“Infoblox simplifies something that is really quite complex. At the same time, it gives us the flexibility to do the things we need to do. I would definitely recommend Infoblox to peers.”
— Isaac Orr, Manager of Network Operations and Services, UC Berkeley
Welcoming Infoblox to the Ancestral Home of BIND
While Berkeley’s IP networking system met the university’s basic needs, its network management team found it was utilizing resources inefficiently. Multiple employees were required to maintain the legacy BIND system, which kept operational costs high and ran contrary to the university’s reputation as a technological innovator.
Compounding the challenge of an aging infrastructure was a network that is becoming increasingly complex as the number of connected devices climbs. With student enrollment expected to increase by 10,000 students by the 2018 – 2019 school year, the impact of service interruptions is increasing and has the potential to impact multi-national and interdisciplinary research projects. Additionally, the BIND legacy IPv4-capable network was unable to handle automated IPv6 addressing, requiring manual servicing of requests to meet the needs of a growing campus. Also, its current DNSSEC deployment required additional work hours for complex scripting when DNS changes were needed, potentially putting the entire network at risk in the event of errors.
Isaac Orr manages the Network Operations and Services Group responsible for the campus data network at the University of California, Berkeley. “It’s a large network,” he says. “We have around 60,000 wired ports, 4,500 access points, and 115,000 devices connected to the network. The group I manage ranges all the way from field installation technicians to more senior people involved in larger projects, such as deploying networking to new buildings on campus or developing new network services. That encompasses pretty much everything from DNS hosts to iPads and phones on the Wi-Fi network.”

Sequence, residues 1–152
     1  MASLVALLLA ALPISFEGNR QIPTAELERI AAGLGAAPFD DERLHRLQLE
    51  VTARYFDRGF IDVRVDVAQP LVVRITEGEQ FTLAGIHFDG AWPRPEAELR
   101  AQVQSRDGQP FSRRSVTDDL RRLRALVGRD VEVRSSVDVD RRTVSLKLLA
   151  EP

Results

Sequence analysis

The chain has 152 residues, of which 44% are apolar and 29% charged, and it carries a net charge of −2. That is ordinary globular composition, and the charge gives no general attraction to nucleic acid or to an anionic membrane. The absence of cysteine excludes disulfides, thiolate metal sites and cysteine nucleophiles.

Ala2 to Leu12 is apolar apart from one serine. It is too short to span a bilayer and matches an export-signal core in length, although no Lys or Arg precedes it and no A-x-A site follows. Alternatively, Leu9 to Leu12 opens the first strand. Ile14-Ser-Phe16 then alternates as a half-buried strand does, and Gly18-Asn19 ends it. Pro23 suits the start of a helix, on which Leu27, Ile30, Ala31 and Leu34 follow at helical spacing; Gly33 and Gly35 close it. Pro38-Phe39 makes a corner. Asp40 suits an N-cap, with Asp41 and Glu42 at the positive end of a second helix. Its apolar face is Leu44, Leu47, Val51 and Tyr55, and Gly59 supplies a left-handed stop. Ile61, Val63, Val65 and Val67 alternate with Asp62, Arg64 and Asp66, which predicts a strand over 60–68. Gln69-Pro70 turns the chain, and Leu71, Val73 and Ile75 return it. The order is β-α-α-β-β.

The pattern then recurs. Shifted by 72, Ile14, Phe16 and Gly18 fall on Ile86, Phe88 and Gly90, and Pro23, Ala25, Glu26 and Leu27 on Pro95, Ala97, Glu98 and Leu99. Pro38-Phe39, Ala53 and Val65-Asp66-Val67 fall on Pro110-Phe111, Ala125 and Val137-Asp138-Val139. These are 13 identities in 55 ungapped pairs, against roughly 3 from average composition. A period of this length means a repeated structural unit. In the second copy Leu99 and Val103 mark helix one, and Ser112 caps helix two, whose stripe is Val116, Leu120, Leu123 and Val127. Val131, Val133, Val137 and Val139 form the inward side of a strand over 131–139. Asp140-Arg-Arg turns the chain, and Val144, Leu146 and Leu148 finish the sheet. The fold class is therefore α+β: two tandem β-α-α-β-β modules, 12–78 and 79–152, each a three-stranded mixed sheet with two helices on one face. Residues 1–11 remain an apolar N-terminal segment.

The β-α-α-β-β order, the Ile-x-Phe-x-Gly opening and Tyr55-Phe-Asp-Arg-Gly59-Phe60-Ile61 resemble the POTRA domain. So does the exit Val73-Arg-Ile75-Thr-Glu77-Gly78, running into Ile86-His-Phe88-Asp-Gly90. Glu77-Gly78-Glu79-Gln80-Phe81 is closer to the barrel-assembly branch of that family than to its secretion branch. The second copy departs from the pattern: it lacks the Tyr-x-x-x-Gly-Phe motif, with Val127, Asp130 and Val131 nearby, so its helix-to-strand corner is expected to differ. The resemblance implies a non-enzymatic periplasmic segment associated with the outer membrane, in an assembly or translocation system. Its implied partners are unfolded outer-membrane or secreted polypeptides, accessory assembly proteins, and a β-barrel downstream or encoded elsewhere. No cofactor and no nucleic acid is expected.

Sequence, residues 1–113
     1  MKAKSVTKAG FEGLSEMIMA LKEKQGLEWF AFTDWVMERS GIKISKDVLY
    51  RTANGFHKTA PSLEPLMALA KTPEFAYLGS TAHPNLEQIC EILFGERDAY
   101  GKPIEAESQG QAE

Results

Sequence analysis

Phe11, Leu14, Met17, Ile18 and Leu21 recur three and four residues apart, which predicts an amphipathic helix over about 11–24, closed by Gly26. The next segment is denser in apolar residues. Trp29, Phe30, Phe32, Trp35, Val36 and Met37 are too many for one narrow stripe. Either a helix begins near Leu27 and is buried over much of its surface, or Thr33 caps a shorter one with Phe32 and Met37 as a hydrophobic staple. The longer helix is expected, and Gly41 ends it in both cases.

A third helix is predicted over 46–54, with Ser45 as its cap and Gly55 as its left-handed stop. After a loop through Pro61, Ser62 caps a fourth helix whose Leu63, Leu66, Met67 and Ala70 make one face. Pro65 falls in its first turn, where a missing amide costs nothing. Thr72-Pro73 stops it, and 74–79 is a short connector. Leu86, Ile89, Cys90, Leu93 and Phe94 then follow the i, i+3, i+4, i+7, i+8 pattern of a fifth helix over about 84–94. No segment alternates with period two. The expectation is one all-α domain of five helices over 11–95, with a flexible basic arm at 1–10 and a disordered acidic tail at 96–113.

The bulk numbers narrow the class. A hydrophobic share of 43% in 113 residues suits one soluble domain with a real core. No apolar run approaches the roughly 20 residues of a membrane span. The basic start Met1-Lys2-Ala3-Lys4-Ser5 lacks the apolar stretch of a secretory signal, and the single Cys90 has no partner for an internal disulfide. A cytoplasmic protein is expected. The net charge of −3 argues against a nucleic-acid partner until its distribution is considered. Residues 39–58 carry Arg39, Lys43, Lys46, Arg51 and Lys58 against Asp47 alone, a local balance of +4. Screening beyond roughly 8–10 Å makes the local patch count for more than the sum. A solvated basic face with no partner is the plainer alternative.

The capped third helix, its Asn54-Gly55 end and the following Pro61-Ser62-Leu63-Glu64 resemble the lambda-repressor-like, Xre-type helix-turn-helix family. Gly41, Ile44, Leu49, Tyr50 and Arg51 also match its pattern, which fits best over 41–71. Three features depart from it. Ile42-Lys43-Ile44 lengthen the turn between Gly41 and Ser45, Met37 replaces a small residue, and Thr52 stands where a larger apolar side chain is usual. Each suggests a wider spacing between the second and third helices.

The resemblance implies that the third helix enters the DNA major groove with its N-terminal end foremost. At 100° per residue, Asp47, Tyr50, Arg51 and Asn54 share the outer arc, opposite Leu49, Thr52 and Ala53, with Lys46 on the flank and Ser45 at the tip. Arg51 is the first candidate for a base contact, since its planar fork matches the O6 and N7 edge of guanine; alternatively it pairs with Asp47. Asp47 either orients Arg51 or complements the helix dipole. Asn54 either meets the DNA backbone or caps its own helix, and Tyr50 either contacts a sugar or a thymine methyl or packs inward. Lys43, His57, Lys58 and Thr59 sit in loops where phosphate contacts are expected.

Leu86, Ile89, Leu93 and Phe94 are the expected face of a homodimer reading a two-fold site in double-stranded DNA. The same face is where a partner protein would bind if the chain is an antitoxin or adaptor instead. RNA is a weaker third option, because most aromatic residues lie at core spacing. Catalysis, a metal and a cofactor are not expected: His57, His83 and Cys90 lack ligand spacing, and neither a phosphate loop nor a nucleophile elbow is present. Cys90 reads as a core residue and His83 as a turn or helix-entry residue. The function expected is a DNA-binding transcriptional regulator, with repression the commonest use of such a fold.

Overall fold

Ironically, before Infoblox, the defacto standard used to manage core network services was BIND (“Berkeley Internet Name Domain”) which was developed and built by top experts at UC Berkeley. “IP networking has been big here since IP networking existed,” Orr shares. “Everything we had was actually custom built in house quite some time ago. The system was based on a PostScript database with PERL scripts.”
Functionality was not a problem; the legacy BIND system worked as it was supposed to, but IT no longer had the resources to maintain and continue its development. Since the last major work had been done on it in 2003, it had begun to lag behind in some of the things that Orr’s internal customers needed. “The BIND-based system was fairly inflexible in terms of making changes,” Orr says, “and having somebody to care for and feed the servers that did all those scripts was consuming two employee’s time—one of them a senior networking person.”
Looking for something more efficient that would lower total cost of ownership (TCO), Orr’s team selected Infoblox to manage its large and diverse network. “Infoblox has a very good reputation in the industry,” says Orr, “and we knew of other University of California campuses that had deployed Infoblox solutions. We also had people within our own group who had worked with it and were impressed.